A strongly-held belief is a strength. Yet sometimes that same belief can also become a weakness. If a belief has hardened into dogma, that is, believing our position is the only correct one, than we’re in trouble because we’re not thinking critically about our thinking.
My position that all my writing had to be profound is a perfect illustration of what Drs. Linda Elder and Richard Paulcall the “inherently flawed nature of human thinking when left unchecked,” i.e., when critical thinking is absent.
What critical thinking …
“…is self-guided, self-disciplined thinking which attempts to reason at the highest level of quality in a fair-minded way.” ~ Dr. Linda Elder
“…is thinking about one’s thinking in a manner designed to organize and clarify, raise the efficiency of, and recognize errors and biases in one’s own thinking. One uses critical thinking to improve one’s process of thinking.” ~ Kirby Carmichael
“…calls for a persistent effort to examine any belief or supposed form of knowledge in the light of the evidence that supports it and the further conclusions to which it tends.” ~ Edward M. Glaser, PhD
7 actions to follow to take control of your thoughts
Drs. Elder and Paul suggest doing seven things to assure we’re thinking critically. I used their actions to review my “unchecked” thought processes:
Explore thoughts underlying feelings and feelings underlying thoughts. I believe my writing must always be profound and inspiring or I’ll feel like I have failed.
Develop intellectual humility and suspend judgment. Isn’t the mindset of always writing something profound rather self-congratulatory when you stop to think about it?
Develop intellectual perseverance. Why must my writing always be profound? Why can’t I write for fun, to educate or just to share?
Clarify issues, conclusions, or beliefs. OK, Jane, reflect on what happens if a piece of writing isn’t profound. Can’t people learn just as well from something simple? Not everything has to be intense, earnest, and researched endlessly. In fact, not all writing needs to teach.
Questioning deeply: raise and pursue root or significant questions. Why am I so insistent on depth and complexity?
Examine or evaluate assumptions. I want to make a difference and help others do the same. I want the world to react first with kindness rather than rancor. That means change, which is complex and requires deep thinking. Sure it does, however inspiration and learning can spring from lightness, too. Not everything meaningful has to be forceful.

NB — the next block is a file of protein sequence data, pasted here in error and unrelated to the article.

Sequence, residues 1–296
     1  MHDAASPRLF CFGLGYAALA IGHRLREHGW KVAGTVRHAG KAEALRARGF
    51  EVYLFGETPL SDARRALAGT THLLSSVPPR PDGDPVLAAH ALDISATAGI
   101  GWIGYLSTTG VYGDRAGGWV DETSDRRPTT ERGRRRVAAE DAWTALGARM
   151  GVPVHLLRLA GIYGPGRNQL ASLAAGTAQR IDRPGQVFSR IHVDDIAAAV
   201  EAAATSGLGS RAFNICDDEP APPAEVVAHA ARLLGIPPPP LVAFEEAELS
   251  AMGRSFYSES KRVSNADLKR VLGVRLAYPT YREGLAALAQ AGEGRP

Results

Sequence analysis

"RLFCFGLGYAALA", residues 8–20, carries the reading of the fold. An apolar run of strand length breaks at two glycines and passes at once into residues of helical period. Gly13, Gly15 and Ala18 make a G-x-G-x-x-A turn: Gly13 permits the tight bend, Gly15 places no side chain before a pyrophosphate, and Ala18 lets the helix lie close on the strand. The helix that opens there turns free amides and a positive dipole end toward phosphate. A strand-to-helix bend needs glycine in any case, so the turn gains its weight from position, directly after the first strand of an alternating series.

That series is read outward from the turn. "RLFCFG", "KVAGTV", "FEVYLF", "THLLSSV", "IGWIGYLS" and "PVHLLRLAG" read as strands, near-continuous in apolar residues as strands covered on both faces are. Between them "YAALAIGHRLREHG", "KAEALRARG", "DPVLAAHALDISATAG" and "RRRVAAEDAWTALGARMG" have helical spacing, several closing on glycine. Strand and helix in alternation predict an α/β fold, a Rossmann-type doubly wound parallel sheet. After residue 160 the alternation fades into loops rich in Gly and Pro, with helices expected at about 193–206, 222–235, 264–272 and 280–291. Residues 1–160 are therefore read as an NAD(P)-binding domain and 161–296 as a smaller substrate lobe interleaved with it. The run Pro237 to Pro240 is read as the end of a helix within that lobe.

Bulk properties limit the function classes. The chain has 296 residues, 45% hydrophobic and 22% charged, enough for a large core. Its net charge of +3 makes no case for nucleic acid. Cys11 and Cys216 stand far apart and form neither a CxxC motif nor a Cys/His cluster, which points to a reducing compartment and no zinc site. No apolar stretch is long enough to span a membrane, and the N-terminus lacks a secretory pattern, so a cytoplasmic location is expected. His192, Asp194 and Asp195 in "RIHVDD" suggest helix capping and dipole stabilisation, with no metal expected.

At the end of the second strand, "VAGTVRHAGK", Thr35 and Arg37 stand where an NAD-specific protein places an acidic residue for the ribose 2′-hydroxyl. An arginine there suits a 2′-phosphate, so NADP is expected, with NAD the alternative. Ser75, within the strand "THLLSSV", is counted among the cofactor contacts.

Give reasons, and evaluate evidence and alleged facts. Look at all the articles that take a light-hearted approach and are successful. Not everything has to be deep and full of meaning.
Their process worked. When I took the time (that and a sprinkling of self-reflection fuel the process) to think about my thoughts, I realized I was being arbitrary. I’m going to walk through those seven steps more often!
Too often we… enjoy the comfort of opinion without the discomfort of thought. ~John F. Kennedy
What about you? Has your own thinking ever tripped you up? How did you manage the situation?
Today’s guest contributor is Richard Lindenmuth, who has walked the interim leader path more than once in multiple industries. He has over 30 years general management experience, is Chairman of the Association of Interim Executives, and author of The Outside the Box Executive.
Here’s a familiar story of late: A company’s leader has to step down, for any number of reasons, and the board of directors appoints an Interim CEO. Recent examples include United Airlines, DuPont and Twitter—where Interim CEO Jack Dorsey recently became CEO.
Let’s be clear: an interim CEO is not the same as a CEO even though there are many intersecting skills.
An interim executive parachutes in, takes charge, assuages fears, restores confidence, troubleshoots immediate to systemic problems, takes action, and plots direction—fast.(more…)
It’s no surprise to some that people who dislike their boring-but-safe, 9-to-5 jobs tend to be unsatisfied and unsuccessful in their careers. I believe that’s true because the first ingredient to success is doing what you’re passionate about.
We all need money to get by, but if you ever have the opportunity to take a chance and do what you actually love, take it.
If you don’t like what you do, you will tend to have an aversion to doing what it takes to be very successful. Without passion, it’s almost impossible to distinguish yourself. If you keep your boring and safe job, you can keep your boring and safe income, but I don’t know how happy you’ll be. (more…)
When it comes to work these days, we’re all expected to do more with less–but is this nose-to-the-grindstone philosophy the best way to run a business? Alarmingly low employee engagement numbers indicate otherwise.
So, if pushing everyone harder isn’t the path to productivity, what is?
I believe that our best work is the product of a positive environment. How it feels to work within an organization is a critical workforce development issue.
We need more leaders who are willing to choose to set a positive tone for their teams despite what senior management isn’t doing.(more…)